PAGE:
We downgrade Shriram Transport Finance (STFL) from ‘buy’ to ‘neutral’ as we believe the stock offers limited upside in the near term due to the recent strong rally. The stock has rallied 16% in the past one month, gained around 74% year-to-date and outperformed the Sensex and CNX Bankex by 49% and 18%, respectively.
The stock is currently trading at 2.0x book, which is 10% lower than its five-year average P/BV. We believe the stock would trade close to its historical average P/BV even in an improving macro, given the lower ROE profile versus history.
We believe the stock is already pricing in the improving growth outlook and declining asset quality risks. We raise our price target to R800 (from R750 earlier) based on our residual income model (13.5% CoE). Our new price target implies 2.1x FY14e book and 10.5x FY14e earnings. We raise earnings marginally by 2% for FY13/14e and expect the loan book (AUM) to increase at a CAGR of 17% in FY12-14e. We expect NIMs for FY14e to stay flat at ~7.7% and expect credit costs at 2%/1.8% for FY13/14e.
For Q3FY13, we expect net income of R390 crore, a growth of 27% y-o-y, led by growth in net operating income of 20% y-o-y to R1,000 crore. We estimate NII growth at 18% YoY to R950 crore.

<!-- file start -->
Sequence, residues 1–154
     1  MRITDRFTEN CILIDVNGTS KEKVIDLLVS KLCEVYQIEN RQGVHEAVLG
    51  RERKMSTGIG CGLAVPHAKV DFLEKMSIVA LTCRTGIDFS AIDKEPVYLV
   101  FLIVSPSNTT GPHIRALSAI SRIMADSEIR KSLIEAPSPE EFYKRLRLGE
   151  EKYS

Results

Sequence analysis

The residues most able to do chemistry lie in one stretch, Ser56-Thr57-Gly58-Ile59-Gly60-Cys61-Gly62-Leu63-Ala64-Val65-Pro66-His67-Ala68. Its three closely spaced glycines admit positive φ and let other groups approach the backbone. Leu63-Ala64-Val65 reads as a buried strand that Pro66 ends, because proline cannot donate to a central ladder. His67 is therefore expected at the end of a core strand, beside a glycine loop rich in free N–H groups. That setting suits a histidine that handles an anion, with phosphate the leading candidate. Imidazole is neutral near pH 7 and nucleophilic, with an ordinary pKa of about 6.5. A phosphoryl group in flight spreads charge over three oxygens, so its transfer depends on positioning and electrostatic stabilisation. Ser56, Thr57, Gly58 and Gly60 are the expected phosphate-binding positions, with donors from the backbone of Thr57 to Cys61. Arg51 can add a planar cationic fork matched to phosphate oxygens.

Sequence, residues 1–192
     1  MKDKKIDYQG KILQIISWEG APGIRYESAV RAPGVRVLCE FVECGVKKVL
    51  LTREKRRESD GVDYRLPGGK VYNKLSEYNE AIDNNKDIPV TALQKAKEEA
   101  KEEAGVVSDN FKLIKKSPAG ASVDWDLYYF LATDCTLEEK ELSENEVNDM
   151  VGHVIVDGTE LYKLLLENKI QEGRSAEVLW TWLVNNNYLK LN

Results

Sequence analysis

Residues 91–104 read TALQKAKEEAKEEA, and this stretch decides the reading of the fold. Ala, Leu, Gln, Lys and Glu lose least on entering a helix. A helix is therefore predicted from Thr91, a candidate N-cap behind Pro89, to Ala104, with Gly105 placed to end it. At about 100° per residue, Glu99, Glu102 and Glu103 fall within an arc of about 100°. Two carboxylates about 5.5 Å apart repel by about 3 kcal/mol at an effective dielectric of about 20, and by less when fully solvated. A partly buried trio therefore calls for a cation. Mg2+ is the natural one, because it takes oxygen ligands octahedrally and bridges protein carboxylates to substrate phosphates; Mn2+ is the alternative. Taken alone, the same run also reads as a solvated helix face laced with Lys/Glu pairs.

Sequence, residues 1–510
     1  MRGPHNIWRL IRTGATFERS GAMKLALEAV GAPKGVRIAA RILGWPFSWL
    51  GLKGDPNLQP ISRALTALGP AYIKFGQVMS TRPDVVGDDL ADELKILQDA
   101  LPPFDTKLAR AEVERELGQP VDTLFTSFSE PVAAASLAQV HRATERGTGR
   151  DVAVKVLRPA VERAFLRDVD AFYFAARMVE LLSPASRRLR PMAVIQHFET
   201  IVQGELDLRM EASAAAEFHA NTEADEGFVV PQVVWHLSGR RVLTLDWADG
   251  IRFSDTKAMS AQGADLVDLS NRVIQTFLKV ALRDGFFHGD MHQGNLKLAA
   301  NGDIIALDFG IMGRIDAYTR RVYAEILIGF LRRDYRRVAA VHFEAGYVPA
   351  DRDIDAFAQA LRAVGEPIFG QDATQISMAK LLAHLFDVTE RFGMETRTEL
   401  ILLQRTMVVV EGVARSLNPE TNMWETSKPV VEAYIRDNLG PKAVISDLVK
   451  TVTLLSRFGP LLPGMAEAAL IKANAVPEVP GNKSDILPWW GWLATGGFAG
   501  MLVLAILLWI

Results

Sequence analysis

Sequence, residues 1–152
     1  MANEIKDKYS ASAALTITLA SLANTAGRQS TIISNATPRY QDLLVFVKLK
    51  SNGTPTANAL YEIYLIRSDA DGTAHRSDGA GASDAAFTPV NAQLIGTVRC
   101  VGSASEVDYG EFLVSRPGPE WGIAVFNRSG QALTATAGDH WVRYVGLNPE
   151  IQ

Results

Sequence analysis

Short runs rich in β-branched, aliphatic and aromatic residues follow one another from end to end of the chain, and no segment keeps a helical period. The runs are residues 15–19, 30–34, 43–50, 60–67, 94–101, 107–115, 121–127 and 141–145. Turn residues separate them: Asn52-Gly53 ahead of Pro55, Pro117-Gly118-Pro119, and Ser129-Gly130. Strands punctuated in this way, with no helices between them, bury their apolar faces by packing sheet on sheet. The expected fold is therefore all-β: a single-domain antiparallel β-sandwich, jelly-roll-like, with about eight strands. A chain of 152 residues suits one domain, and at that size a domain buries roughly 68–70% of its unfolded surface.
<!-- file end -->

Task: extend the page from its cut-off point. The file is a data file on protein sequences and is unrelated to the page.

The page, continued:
We also expect an improvement in NIMs by 47 basis points to 7.86%, and AUM growth of 22% y-o-y. Loan growth has picked up from the lows of 11% y-o-y in Q4FY12 to 16% y-o-y in Q2FY13. Disbursal growth has also shown improvement in the past two quarters and is getting reflected in estimates.
Further improvement in margins will depend on the combined impact of falling wholesale funding cost and rising cost of funds on securitised loan book.
We expect margins to plateau at 7.75% in FY14e.
As per the new NBFC draft rules proposed by RBI, Tier-I capital is required to be increased to 12% (from 7.5%), NPL to be recognised at 90 days over three years (from 180 days), and standard asset provisioning to be raised to 40 basis points (currently 25 basis points).
New securitisation rules are leading to lower incremental spreads, though this would be partly offset by a decline in the cost of wholesale funds. Similarly, the positive impact of an improving economy on credit cost is likely to be offset by the proposed rules on NPL